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MARY MAGDALEN, by van Scorel
| This painting is on a panel,
as most paintings were in the 15th and 16th centuries. In the late 16th
century artists began increasingly to work on canvas. A panel is made
using wooden planks cut from the best timber, the central part of the
tree trunk. The planks were fixed together and carefully sanded. A thick
layer of ground, usually white, would then be applied. Over the years,
changes in temperature and humidity have led many panels to warp; the
planks bend separately and become loose and slightly shorter.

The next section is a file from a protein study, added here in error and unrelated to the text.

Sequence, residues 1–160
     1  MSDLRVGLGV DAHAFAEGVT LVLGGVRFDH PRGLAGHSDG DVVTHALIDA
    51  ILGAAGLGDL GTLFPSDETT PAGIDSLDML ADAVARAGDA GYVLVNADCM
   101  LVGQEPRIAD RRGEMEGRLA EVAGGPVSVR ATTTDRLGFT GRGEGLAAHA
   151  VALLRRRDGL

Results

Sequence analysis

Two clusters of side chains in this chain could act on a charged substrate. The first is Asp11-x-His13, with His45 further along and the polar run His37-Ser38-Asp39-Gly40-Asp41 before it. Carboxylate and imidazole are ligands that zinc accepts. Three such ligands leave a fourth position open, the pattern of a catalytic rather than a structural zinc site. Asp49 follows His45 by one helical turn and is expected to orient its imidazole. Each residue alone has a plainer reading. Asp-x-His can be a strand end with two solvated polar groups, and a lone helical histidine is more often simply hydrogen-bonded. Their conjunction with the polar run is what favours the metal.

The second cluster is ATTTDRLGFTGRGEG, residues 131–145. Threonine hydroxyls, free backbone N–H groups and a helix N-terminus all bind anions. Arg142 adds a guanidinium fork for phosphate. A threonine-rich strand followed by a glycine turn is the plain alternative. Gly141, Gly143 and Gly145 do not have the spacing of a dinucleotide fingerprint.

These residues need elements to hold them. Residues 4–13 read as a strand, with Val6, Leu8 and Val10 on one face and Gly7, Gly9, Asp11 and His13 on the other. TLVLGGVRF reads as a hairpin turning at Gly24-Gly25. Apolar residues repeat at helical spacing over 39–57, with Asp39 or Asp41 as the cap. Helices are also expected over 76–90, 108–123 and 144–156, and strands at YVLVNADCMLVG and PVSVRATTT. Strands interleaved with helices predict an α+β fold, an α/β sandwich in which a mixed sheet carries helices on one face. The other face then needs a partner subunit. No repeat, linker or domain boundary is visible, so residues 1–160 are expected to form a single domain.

In the painting, as it is seen today (See the modified painting, 67x76cm; 1396x1600pix, 442kb), there is a top plank, just above Mary Magdalene's head, which was added after Van Scorel's time. The owner probably thought that a little extra sky and space would improve the painting. In fact the addition reduced the power and tension of the composition. The painting without the additional plank is a far more compact work. Mary Magdalene is a far stronger figure. Moreover, the balance between the tree on the right and the crag on the left is more obvious. Without the top plank, the painting is relatively broader, more in line with Van Scorel's other works of the period.